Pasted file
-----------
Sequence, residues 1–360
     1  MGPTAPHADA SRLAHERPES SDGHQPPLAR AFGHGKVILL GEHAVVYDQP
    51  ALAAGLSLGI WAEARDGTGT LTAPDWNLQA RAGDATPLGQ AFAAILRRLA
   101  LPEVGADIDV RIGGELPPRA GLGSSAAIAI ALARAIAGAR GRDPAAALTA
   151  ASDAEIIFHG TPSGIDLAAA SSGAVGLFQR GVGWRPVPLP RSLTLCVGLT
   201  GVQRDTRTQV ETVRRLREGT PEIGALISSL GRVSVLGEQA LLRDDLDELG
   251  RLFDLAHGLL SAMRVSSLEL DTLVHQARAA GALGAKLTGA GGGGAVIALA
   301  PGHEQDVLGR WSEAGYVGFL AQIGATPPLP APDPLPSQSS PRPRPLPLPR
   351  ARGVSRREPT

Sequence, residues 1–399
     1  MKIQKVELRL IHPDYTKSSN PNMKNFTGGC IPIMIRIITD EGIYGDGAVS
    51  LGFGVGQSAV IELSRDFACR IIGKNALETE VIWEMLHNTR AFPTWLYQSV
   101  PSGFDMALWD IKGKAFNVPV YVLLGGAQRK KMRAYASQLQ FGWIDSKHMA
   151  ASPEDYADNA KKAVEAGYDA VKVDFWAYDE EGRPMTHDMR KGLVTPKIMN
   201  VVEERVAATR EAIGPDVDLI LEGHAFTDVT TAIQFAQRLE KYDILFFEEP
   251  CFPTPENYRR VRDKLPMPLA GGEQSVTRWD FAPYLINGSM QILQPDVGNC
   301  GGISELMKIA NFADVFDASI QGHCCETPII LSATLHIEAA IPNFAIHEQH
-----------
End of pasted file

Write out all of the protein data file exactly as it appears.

Sequence, residues 1–360
     1  MGPTAPHADA SRLAHERPES SDGHQPPLAR AFGHGKVILL GEHAVVYDQP
    51  ALAAGLSLGI WAEARDGTGT LTAPDWNLQA RAGDATPLGQ AFAAILRRLA
   101  LPEVGADIDV RIGGELPPRA GLGSSAAIAI ALARAIAGAR GRDPAAALTA
   151  ASDAEIIFHG TPSGIDLAAA SSGAVGLFQR GVGWRPVPLP RSLTLCVGLT
   201  GVQRDTRTQV ETVRRLREGT PEIGALISSL GRVSVLGEQA LLRDDLDELG
   251  RLFDLAHGLL SAMRVSSLEL DTLVHQARAA GALGAKLTGA GGGGAVIALA
   301  PGHEQDVLGR WSEAGYVGFL AQIGATPPLP APDPLPSQSS PRPRPLPLPR
   351  ARGVSRREPT

Sequence, residues 1–399
     1  MKIQKVELRL IHPDYTKSSN PNMKNFTGGC IPIMIRIITD EGIYGDGAVS
    51  LGFGVGQSAV IELSRDFACR IIGKNALETE VIWEMLHNTR AFPTWLYQSV
   101  PSGFDMALWD IKGKAFNVPV YVLLGGAQRK KMRAYASQLQ FGWIDSKHMA
   151  ASPEDYADNA KKAVEAGYDA VKVDFWAYDE EGRPMTHDMR KGLVTPKIMN
   201  VVEERVAATR EAIGPDVDLI LEGHAFTDVT TAIQFAQRLE KYDILFFEEP
   251  CFPTPENYRR VRDKLPMPLA GGEQSVTRWD FAPYLINGSM QILQPDVGNC
   301  GGISELMKIA NFADVFDASI QGHCCETPII LSATLHIEAA IPNFAIHEQH